Affine: full-screen picture zoom and rotation


By bfx, 5 years ago

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Affine - Picture zoom/rotation/shear tutorial


In this tutorial we will learn how to display a picture on the screen after an "affine transformation" including scale, shear and rotation. Different optimization techniques are used to speed up the display. Such an effect can be used in a game as a splash screen or as a rotating play field.

Download and install the .bin file to see live the different steps of the implementation (just press A/B to switch between steps).

Part 1: Setup

This first part is just about importing the picture into the sketch and display how many milliseconds are necessary for a draw with the drawImage function of the Gamebuino library.

Import the picture

First of all we need a picture to display. I built the following picture based on graphics of the Gamebuino web-site (so it can be used for marketing, if anyone wishes, and there is no discussion about copyright!), but you can use any picture you want. To use the full set of optimizations presented in this tutorial, the picture needs to be a square of 256x256 pixels, but the technique can be adapted to other picture sizes (preferably powers of 2).

Rename the picture as "Picture.bmp" and then use the image-to-code converter to get a long text defining a data array and an Image object. The conversion may take some seconds to complete due to the size of the picture.

Create a new sketch (or use an existing one if you know what you are doing), and insert the code. Then add the classical Gamebuino code, and display the picture using drawImage to see if everything is correctly setup.

The code should look like this (the line with PictureData is truncated on purpose, otherwise it would take the whole page):

#include <Gamebuino-Meta.h>
const uint16_t PictureData[] = {256,256,1, 1, 0, 0, 0x0,0x0,0x0,0x0,0x0,0x0,0x0,0x0,0x0,0x0,0x0,0x0,0x0,0x0,0x0,0x0,0x0,0x0,0x0,0x0,0x0,0x0,0x0,0x0,0..... [snip]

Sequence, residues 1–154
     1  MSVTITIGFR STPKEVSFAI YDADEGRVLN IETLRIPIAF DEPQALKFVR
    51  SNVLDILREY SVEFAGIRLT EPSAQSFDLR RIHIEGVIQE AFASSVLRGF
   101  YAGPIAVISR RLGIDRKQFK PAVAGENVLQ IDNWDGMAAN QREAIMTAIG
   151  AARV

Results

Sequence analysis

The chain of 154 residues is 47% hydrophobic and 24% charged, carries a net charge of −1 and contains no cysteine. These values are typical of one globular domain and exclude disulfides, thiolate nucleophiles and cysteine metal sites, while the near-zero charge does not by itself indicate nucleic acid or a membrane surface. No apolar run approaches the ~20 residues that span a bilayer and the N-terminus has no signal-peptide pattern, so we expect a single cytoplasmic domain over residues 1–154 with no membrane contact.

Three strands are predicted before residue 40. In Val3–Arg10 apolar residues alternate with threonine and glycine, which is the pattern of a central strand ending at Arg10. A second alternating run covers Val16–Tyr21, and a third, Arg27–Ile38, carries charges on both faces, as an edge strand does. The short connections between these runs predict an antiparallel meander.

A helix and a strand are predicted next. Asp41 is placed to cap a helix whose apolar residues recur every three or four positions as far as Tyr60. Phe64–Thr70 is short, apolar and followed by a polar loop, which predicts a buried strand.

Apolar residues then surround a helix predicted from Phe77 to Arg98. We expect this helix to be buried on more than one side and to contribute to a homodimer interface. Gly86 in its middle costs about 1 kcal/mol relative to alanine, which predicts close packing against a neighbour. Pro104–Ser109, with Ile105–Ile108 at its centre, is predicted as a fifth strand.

Image Picture = Image(PictureData);
void setup()
  // Starts Gamebuino library and sets target frame rate
void loop()
  gb.display.drawImage(0, 0, Picture);

Please note that the setFrameRate command sets already the target frame rate, which will be reached at the end of the tutorial.

At this point, executing the sketch should display the top-left part of the picture.

Measure the duration of the draw

We are looking for performance in this tutorial, so we need to  measure how long it takes to draw the picture, and hence assess the effect of each optimization. This measurement is not necessary for the zoom/rotation effect, it is implemented only for didactic purposes. You can jump to the next chapter if you want.

To measure the time we use the function millis() of the Arduino library, which returns the number of milliseconds since the start of the current program.

Insert the measurement of the start time just under the while(!gb.update()); line:

  // Gets the time at start of the computation
  unsigned long startTime = millis();

And insert the computation and display of the duration at the end of the loop() function:

  // Computes and displays duration
  unsigned long duration = millis()-startTime;
  gb.display.setColor(WHITE, BLACK);
  gb.display.print(duration); gb.display.print(" ms");

The number is in milliseconds, drawn on a non-transparent background for readability. Now the setup is completed, you should see something like this on the screen: